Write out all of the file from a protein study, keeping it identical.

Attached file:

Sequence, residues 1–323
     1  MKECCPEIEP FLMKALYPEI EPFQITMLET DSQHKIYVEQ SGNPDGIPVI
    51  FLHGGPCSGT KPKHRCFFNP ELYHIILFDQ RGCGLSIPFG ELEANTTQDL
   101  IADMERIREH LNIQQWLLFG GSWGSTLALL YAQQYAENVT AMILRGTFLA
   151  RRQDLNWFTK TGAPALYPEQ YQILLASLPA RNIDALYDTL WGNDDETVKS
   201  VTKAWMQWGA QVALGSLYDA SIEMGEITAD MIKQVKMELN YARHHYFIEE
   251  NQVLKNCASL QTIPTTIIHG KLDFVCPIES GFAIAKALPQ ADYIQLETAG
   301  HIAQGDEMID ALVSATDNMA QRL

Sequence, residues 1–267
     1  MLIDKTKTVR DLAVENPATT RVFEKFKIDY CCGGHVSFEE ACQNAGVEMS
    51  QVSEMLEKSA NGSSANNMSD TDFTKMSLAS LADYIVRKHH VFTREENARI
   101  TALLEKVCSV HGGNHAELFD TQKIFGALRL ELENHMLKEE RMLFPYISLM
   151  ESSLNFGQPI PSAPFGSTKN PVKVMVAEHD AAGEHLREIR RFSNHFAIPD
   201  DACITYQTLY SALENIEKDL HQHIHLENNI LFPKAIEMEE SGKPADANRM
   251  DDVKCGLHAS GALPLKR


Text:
Sequence, residues 1–323
     1  MKECCPEIEP FLMKALYPEI EPFQITMLET DSQHKIYVEQ SGNPDGIPVI
    51  FLHGGPCSGT KPKHRCFFNP ELYHIILFDQ RGCGLSIPFG ELEANTTQDL
   101  IADMERIREH LNIQQWLLFG GSWGSTLALL YAQQYAENVT AMILRGTFLA
   151  RRQDLNWFTK TGAPALYPEQ YQILLASLPA RNIDALYDTL WGNDDETVKS
   201  VTKAWMQWGA QVALGSLYDA SIEMGEITAD MIKQVKMELN YARHHYFIEE
   251  NQVLKNCASL QTIPTTIIHG KLDFVCPIES GFAIAKALPQ ADYIQLETAG
   301  HIAQGDEMID ALVSATDNMA QRL

Sequence, residues 1–267
     1  MLIDKTKTVR DLAVENPATT RVFEKFKIDY CCGGHVSFEE ACQNAGVEMS
    51  QVSEMLEKSA NGSSANNMSD TDFTKMSLAS LADYIVRKHH VFTREENARI
   101  TALLEKVCSV HGGNHAELFD TQKIFGALRL ELENHMLKEE RMLFPYISLM
   151  ESSLNFGQPI PSAPFGSTKN PVKVMVAEHD AAGEHLREIR RFSNHFAIPD
   201  DACITYQTLY SALENIEKDL HQHIHLENNI LFPKAIEMEE SGKPADANRM
   251  DDVKCGLHAS GALPLKR